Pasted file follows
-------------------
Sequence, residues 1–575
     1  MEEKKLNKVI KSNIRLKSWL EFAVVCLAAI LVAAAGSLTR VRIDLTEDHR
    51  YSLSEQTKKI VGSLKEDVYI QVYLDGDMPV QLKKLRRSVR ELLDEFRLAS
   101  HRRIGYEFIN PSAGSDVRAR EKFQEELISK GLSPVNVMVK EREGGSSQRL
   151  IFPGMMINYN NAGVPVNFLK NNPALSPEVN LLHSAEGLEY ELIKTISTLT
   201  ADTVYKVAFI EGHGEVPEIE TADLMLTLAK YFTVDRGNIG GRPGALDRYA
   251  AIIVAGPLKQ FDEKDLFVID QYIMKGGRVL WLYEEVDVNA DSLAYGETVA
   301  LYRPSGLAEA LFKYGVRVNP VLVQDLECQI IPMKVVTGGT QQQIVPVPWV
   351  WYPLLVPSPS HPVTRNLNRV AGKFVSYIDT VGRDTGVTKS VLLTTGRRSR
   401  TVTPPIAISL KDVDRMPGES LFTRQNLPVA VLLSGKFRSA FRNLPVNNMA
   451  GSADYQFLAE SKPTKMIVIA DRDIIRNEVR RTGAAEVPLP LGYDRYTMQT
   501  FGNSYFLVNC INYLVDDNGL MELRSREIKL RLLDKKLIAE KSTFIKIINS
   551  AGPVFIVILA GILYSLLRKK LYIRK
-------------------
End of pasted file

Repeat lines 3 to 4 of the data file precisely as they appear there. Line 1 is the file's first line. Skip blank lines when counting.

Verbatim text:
    51  YSLSEQTKKI VGSLKEDVYI QVYLDGDMPV QLKKLRRSVR ELLDEFRLAS
   101  HRRIGYEFIN PSAGSDVRAR EKFQEELISK GLSPVNVMVK EREGGSSQRL